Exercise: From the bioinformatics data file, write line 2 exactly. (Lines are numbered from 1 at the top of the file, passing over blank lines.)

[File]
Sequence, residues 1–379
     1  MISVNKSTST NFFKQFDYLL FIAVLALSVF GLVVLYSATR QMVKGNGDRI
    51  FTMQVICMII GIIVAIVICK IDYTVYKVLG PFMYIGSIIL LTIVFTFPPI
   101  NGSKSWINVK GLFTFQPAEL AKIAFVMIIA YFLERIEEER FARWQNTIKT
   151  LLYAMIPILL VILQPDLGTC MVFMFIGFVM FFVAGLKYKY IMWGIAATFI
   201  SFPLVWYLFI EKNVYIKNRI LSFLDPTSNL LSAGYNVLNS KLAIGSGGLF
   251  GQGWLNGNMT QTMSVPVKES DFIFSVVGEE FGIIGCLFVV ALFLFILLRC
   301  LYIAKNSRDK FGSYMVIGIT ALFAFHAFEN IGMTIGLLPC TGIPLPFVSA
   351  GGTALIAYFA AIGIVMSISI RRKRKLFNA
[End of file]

     1  MISVNKSTST NFFKQFDYLL FIAVLALSVF GLVVLYSATR QMVKGNGDRI